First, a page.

As my husband astutely pointed out recently, I can be independent to the extreme. I have an aversion to admitting when I don’t know something or that I need help. I like to be right, never wrong, at my worst – inscrutable. I am uncomfortable with feeling or appearing vulnerable. I have lived with a perception that vulnerability implies a weakness, a lack of power, perhaps even some sort of personal failing.
Learning to Embrace Vulnerability
Over the past two years, as my professional life has taken a significant pivot, this perception of vulnerability simply was not going to work anymore. I started LHS Coaching, my very first foray into the world of entrepreneurship. I launched a new community organization – something I’d never done before. I began attending and participating in numerous networking events, programs and conferences filled with strangers who were doing things that were quite different than anything I knew much, if anything about.
There was a lot I did not know, I needed to learn and I simply needed help with. Over the past two years – I’ve learned to acknowledge I do not have all the answers. I’ve actively sought-out experts and collaborators who know better than me. I’ve practiced handling failure with grace and using it as a powerful learning tool. Over the past two years, I had to learn to be ok with being vulnerable. And I had to trust that this vulnerability would be ok with others – that they would still respect and trust me even when I felt insecure and unsure.
Here is an extremely abbreviated list of circumstances where I learned to feel confident and in control both despite of AND because of my vulnerability:
- I set-up meetings with seasoned coaches and consultants, listened to their business journeys and learned from their experiences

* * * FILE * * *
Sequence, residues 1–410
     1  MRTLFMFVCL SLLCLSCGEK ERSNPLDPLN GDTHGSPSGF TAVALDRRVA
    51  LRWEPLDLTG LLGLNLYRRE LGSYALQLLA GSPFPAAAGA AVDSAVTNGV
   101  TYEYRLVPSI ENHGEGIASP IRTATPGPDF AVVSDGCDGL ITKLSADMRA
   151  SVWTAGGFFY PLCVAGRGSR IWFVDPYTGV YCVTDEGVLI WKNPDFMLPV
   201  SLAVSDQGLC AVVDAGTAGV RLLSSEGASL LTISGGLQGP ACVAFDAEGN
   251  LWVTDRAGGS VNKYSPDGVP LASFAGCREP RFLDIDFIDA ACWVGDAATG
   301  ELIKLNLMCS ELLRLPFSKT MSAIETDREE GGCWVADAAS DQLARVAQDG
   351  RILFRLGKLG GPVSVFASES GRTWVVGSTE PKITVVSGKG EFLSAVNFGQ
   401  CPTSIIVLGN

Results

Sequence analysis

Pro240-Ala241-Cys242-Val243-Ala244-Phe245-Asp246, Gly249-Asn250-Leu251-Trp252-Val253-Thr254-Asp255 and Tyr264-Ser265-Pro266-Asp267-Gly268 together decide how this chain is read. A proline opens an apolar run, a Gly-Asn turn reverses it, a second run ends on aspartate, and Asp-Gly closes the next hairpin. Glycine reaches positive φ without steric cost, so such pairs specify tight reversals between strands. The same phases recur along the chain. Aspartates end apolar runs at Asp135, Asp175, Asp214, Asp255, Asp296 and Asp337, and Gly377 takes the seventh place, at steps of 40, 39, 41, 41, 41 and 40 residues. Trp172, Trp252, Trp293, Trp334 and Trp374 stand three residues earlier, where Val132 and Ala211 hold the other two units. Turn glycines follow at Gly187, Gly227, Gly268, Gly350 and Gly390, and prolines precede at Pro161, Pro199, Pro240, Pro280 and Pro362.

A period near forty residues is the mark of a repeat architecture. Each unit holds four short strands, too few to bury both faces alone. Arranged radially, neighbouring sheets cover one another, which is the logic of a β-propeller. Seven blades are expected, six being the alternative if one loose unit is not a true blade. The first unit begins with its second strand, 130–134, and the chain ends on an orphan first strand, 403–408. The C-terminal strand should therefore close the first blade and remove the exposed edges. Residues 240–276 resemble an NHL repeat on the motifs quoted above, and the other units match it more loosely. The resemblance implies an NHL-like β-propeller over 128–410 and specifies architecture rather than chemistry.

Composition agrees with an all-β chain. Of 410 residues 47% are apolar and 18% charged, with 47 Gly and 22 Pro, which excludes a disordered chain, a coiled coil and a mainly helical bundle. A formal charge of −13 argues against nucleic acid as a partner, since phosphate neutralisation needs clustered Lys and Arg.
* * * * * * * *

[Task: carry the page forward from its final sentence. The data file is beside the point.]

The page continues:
- I walked into rooms and conference halls alone without colleagues or friends – boy did that feel vulnerable – introduced myself to strangers and requested support for my new endeavors
- I asked clients to trust me although I was a relatively new professional coach
- I designed new content and workshops and launched them out into the world. I was NOT confident they would work or that other people would be interested in them. I opened myself up to the risk of failure.
I am learning that it’s not just ok to be vulnerable, it’s actually crucial to success. Being vulnerable has enabled me to access and be open to receiving new ideas, transform ideas into reality, make new connections. Being vulnerable has enabled me to depend on people for help. Vulnerability has opened me up to failures which in turn have paved the path to successes.
And, when I allow myself to be vulnerable and ask for help, others around me open up too. They not only share their expertise willingly and enthusiastically but also provide me with opportunities to support them. This give and take, these connections between people, is where the magic really happens. When I open up and make myself more available, people respond and do the same.
Where in your life can you be a little more vulnerable?
According to Thesaurus.com, synonyms of the word “vulnerable” include: open to attack, defenseless, susceptible, weak. Those feel scary. Other synonyms to “vulnerable” are: accessible, sensitive, tender, wide open. Wide Open – YES! This is the definition of “vulnerable” that has served me well over the last couple of years. Consider how this definition can be applied in your life. Does it resonate? Are there opportunities where you can allow more vulnerability in either professionally or personally to enable more growth and engagement?
I’m still super independent. I still like to be right. I still value personal confidence both in myself and others. But – I am learning that vulnerability and confidence are not two opposite sides of a coin. Vulnerability can be powerful – and I am working every day to embrace it, model it in my interactions with others and let it work its magic.